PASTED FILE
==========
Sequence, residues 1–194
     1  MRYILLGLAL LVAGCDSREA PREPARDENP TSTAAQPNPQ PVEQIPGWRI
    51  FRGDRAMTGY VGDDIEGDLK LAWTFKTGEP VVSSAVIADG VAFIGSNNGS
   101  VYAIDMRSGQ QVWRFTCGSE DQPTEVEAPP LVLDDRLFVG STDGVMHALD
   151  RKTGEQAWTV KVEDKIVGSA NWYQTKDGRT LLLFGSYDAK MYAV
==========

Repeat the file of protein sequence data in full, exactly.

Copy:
Sequence, residues 1–194
     1  MRYILLGLAL LVAGCDSREA PREPARDENP TSTAAQPNPQ PVEQIPGWRI
    51  FRGDRAMTGY VGDDIEGDLK LAWTFKTGEP VVSSAVIADG VAFIGSNNGS
   101  VYAIDMRSGQ QVWRFTCGSE DQPTEVEAPP LVLDDRLFVG STDGVMHALD
   151  RKTGEQAWTV KVEDKIVGSA NWYQTKDGRT LLLFGSYDAK MYAV